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Without a doubt, one the most important aspects of an agile enterprise is an agile workforce. It is a key component for successfully navigating change, yet very few organizations have fully invested to keep their workforce agile. As the world moves forward with more integration of digital and AI on the one hand, and people on the other, the question of agility deepens. What will the future of work look like? And how does leadership play a role in shaping an agile culture at work?

In episode nine of Talking Agility I was joined by Accenture Talent and Organization Managing Directors Nicholas Whittall and Andrew Woolf, to discuss exactly that. Our conversation covered the shifting dynamic in the workforce—and how the perception of AI is changing from one of a potential threat, to a potential benefit to workers.

We also talked about why, despite executives and employees both reporting that they believe in the importance of taking meaningful steps toward agility, only a few are actually acting on it. Andrew Woolf believes that failure to act is ‘the million dollar question’.

“I think organizations are a little bit paralyzed,” Woolf explained. “They’ve seen the research, but they’re not quite sure how to start.”

But they need to do something. According to Woolf, the first step is moving beyond the idea of perfection—the notion that everything needs to be 100% right. This is something that has come up a lot in the course of the podcast series: the idea that you need to empower people to take chances and experiment. It’s a cultural shift that requires leadership to accept a certain level of imperfection—and to support new strategies, even if they’ve never been tried before.

Another interesting aspect of the apparent hesitation to actively pursue strategies for change is a misunderstanding of likelihood of future developments. Nicholas Whittall has a really great analogy that helps explain why some organizations might be more active than others.

“I used to live in San Francisco where they experience a number of smaller earth tremors every day in the Bay Area,” Whittall said during our conversation. “And one of the comments that people make is that the Bay Area doesn’t experience enough big earthquakes to be prepared for the really big one. You can contrast that with a country like Japan, where they are hyper-alert to big earthquakes because they’ve had some significant ones over the last decade or so. I think a similar sort of analogy plays out in the corporate arena as far as preparing the workforce for the future of work.”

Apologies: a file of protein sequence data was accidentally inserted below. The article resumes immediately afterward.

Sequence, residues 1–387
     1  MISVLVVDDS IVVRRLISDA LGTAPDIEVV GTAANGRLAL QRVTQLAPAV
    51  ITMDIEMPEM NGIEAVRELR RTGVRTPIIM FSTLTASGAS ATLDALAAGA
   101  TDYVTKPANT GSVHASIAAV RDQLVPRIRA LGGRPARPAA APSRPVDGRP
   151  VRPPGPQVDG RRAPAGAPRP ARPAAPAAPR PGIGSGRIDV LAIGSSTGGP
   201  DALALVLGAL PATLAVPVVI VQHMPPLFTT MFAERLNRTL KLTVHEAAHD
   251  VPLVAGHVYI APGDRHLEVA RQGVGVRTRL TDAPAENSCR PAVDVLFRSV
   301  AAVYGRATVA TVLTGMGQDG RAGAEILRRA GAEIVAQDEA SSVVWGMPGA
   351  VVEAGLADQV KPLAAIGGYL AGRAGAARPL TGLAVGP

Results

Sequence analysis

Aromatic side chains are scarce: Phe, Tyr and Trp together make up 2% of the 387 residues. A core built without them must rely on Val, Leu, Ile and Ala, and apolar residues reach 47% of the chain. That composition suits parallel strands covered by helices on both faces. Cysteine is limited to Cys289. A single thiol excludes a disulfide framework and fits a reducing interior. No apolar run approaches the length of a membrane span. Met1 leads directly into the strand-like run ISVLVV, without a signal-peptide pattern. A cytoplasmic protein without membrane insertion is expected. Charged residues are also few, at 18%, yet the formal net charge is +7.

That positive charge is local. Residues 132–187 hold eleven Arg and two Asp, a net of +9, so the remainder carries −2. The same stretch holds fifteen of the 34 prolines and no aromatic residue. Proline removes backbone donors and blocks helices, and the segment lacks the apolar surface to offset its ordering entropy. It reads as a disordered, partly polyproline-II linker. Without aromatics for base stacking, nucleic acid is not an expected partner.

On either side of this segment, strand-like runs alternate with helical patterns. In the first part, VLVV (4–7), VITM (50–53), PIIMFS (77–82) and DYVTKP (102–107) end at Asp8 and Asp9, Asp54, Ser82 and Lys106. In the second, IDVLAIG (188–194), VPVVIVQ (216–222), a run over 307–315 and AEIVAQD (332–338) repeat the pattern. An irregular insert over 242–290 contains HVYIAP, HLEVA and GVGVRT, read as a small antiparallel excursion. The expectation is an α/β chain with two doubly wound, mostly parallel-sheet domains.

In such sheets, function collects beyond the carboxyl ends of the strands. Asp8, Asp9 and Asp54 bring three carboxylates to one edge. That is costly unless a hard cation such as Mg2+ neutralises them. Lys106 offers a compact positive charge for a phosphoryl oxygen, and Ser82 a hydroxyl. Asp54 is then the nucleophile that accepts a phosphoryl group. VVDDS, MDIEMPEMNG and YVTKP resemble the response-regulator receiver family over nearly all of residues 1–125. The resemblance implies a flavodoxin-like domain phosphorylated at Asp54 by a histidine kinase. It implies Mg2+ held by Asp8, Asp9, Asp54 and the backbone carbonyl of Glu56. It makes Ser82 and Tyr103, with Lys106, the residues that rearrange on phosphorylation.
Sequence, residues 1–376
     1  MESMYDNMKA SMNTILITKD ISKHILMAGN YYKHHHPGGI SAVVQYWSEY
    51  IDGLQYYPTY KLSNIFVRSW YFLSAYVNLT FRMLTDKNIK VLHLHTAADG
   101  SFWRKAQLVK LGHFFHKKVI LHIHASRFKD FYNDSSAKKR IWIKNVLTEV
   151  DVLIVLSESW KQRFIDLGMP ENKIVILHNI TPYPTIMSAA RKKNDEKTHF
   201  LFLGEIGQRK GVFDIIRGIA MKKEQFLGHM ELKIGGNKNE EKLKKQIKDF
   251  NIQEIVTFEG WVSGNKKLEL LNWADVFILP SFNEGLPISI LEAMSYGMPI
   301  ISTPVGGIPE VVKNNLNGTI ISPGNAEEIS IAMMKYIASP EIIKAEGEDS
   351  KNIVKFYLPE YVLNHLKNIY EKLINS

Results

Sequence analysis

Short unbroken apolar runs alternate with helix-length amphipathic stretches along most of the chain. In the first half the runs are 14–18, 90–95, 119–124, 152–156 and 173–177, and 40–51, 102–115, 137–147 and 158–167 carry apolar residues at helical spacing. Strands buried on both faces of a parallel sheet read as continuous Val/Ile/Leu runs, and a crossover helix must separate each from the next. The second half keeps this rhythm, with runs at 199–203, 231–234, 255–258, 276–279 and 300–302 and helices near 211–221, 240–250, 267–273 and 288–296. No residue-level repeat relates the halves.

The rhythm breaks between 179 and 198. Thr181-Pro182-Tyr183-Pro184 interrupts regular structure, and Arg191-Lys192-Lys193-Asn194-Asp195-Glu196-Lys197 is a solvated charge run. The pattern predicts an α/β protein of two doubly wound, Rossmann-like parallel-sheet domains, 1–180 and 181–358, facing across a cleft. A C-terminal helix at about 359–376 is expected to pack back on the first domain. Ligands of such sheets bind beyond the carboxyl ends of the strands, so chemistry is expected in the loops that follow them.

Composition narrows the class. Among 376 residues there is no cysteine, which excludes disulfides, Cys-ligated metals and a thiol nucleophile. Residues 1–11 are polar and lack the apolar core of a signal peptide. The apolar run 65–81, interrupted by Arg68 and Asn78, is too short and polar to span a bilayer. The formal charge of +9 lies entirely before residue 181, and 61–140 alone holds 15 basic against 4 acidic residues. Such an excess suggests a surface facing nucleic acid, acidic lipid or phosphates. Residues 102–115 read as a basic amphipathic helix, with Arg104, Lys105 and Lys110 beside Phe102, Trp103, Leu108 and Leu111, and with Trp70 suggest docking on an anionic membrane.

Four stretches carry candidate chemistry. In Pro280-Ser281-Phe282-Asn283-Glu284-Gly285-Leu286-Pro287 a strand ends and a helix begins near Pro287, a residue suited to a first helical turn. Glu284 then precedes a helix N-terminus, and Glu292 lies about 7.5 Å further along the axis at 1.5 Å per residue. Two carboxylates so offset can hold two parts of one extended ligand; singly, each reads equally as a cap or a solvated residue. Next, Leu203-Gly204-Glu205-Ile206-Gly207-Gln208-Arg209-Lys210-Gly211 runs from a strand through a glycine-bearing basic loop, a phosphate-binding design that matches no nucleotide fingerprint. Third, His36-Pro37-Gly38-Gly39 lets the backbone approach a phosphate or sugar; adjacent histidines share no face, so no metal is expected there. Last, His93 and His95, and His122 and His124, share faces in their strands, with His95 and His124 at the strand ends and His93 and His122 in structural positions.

The fact that a lot of organizations are only experiencing minor challenges as they navigate disruption means they can be in danger of becoming inadvertently complacent—but there is ample research forecasting an increase in disruption in the financial services industry.

Woolf added that he believes there will be a bit of a snowball effect because of this, one in which organizations that don’t act will suffer as the shifts—or tremors—increase. Enterprises which haven’t properly invested in their agility will lose talent to those that have, potentially creating a crisis that amplifies with time.

But it’s not all doom and gloom. Many organizations are acting and moving toward agility, working to stay ahead of the curve. “I think we’re going to find that organizations will come up with really well-crafted strategies,” says Whittall.

Woolf adds, “In order to drive that flexibility or agility in the organization, it also requires leaders to take a fundamental leap of faith.”

To connect with either Andrew Woolf, Nicholas Whittall, or me, please visit the Talking Agility website.

As a reminder, there is a new episode every two weeks—you can subscribe here, or on iTunes, Soundcloud or Spotify to revisit our previous episodes and be updated when there is a new one live. You can find me on Twitter, LinkedIn, or through the website. I’d love to hear from you—please get in touch!

To read more about enterprise agility, download our full report.

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